*As appeared in The CEO Magazine
“I didn’t find the meeting valuable.” Years ago, those were the words in an email I was copied on to my boss. It was my first CEO executive coaching engagement, and all I knew was I never wanted to see those words again. I was confident that I was adding value, but what I learned is it wasn’t value aligned with this senior executive’s Motivational Currency.
Harvard professor David McClelland’s research on motivation identifies three social motives: Achievement, Affiliation, and Power. The theory is that these motives move people toward behavior (McCelland, 1961). Based on his theoretical framework, combined with over a decade of my own experiences, I developed the Motivational Currency framework (Fazio, 2015).
Motivational Currency: The Core Four
As much as we wish it were as simple as a one size fits all, when it comes to much of psychology, people are unique, and we take action based on our personalities, previous experiences, and current situations. Although most people will have a primary motivator, often people have multiple motivators. The stronger your motivators are in one area, the easier it is for you to make decisions, and the more challenging it is to manage your impulses.
Successful motivational leadership is when you Recognize, Read, and Lead. Set your focus to being able to: a) recognize what your primary motivators are, b) read what the motivators are for others, and c) lead with intention so you can motivate others quickly.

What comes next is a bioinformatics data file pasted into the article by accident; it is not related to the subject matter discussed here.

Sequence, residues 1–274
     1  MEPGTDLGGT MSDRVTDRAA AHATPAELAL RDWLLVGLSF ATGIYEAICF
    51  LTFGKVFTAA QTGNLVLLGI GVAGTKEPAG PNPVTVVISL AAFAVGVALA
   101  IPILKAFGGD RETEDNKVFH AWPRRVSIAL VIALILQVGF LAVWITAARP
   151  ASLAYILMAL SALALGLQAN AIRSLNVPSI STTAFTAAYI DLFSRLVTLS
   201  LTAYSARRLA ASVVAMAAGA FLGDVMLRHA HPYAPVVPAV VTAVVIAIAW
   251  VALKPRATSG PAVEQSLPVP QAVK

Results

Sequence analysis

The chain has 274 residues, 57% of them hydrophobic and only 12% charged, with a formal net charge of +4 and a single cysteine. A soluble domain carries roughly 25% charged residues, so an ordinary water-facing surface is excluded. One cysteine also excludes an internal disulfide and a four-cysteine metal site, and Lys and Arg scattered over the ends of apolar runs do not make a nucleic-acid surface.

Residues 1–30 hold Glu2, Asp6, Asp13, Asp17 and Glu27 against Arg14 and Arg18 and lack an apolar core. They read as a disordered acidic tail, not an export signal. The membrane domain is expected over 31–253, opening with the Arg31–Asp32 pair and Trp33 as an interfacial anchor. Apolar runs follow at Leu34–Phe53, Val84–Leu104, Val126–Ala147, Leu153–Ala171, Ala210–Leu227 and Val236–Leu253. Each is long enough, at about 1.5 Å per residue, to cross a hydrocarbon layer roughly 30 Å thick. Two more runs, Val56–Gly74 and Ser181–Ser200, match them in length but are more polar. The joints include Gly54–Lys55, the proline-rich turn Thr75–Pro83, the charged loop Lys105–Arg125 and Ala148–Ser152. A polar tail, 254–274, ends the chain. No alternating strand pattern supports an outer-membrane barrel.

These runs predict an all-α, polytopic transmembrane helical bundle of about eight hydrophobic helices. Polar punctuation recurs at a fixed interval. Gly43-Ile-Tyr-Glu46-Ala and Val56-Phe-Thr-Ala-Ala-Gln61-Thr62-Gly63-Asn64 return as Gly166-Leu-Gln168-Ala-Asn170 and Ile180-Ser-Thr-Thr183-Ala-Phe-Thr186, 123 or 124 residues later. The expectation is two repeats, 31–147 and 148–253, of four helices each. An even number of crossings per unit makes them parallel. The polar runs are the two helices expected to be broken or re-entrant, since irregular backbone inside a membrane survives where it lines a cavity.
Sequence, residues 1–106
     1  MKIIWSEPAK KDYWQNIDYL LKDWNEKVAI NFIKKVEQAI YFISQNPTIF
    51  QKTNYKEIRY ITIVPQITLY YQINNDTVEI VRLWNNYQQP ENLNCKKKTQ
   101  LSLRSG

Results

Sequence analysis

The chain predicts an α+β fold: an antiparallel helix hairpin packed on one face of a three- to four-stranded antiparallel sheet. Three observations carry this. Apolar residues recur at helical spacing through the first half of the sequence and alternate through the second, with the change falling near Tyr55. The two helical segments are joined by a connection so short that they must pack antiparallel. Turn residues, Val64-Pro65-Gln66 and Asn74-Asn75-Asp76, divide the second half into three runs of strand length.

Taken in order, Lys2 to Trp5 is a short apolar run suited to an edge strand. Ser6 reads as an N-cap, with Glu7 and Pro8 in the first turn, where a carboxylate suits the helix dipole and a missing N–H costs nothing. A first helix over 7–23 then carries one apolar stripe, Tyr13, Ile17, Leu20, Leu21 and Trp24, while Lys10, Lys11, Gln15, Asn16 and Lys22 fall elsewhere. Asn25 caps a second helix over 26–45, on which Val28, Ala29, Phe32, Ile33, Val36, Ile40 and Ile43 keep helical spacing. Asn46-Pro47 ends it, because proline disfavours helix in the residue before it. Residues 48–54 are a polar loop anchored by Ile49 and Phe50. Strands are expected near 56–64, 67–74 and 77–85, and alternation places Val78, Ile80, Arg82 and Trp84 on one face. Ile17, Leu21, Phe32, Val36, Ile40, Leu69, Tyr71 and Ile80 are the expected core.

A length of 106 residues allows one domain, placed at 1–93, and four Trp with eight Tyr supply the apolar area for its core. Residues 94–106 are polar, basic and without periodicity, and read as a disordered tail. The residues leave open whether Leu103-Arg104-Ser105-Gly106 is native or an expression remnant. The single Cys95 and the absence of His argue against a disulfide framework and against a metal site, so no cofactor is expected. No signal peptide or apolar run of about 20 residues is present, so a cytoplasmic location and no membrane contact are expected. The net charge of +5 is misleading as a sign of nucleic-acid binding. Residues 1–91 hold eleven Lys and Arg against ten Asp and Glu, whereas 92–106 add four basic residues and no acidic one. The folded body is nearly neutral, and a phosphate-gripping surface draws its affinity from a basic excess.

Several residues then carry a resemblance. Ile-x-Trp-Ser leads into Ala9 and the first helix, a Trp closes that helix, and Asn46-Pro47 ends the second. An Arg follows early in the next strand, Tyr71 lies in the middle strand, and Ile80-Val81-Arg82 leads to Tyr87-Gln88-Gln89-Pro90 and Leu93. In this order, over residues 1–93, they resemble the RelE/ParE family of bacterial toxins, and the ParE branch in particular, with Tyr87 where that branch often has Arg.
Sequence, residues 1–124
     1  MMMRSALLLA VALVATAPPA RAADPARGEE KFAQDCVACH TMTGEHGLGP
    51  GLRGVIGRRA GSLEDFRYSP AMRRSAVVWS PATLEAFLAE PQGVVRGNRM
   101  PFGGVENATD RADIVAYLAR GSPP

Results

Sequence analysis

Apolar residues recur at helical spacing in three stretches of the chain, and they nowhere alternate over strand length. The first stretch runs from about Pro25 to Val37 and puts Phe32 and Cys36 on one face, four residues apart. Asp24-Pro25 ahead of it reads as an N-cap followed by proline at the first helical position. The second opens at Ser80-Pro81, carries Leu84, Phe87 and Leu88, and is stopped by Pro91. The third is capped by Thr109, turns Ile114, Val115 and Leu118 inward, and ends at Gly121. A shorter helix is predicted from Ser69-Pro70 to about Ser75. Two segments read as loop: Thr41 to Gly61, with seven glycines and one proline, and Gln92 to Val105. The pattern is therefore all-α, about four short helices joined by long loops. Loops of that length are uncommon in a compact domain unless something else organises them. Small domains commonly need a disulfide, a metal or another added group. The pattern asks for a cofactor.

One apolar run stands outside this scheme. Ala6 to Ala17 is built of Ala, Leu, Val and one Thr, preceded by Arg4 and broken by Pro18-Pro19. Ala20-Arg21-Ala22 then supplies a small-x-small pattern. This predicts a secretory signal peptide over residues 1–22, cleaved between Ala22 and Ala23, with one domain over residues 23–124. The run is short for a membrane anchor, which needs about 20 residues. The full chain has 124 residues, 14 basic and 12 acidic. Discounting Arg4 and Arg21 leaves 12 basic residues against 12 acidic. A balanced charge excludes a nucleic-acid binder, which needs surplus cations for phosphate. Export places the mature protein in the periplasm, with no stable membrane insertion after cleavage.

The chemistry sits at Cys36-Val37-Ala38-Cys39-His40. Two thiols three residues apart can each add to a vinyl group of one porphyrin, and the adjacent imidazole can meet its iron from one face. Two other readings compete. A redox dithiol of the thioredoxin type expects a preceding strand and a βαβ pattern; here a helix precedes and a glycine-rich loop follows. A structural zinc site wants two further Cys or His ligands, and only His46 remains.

The Performance motivator is about results. Individuals who are driven by performance want to get things done. They pride themselves on not just completing tasks, but excelling. They thrive on meeting challenges and exceeding standards. They are often fast paced, direct, and focused on outcomes. Performance-driven people are not afraid to challenge the status quo and expect others to have as much drive as they do.
A potential setback for them is overlooking the impact getting tasks completed has on other people. They have a tendency to focus on the outcome and not pay a lot of attention to the process. They can be perceived as overly direct or controlling.
In groups they are often the person who takes the lead. They can come across as controlling or demanding. They want to drive to a resolution and complete a task or set a new standard.
The People motivator is about relationships. Individuals who are driven by the People motivator are most concerned about getting along, teamwork, and collaboration. They are focused on how things impact others. They tend to have a strong social radar and can read people well.
A potential setback for them is they can lose sight of an objective because they are overly concerned with how others feel. If someone is overly People focused they can get caught up in the process and not pay attention to the result. They can be perceived as too feelings oriented or indirect.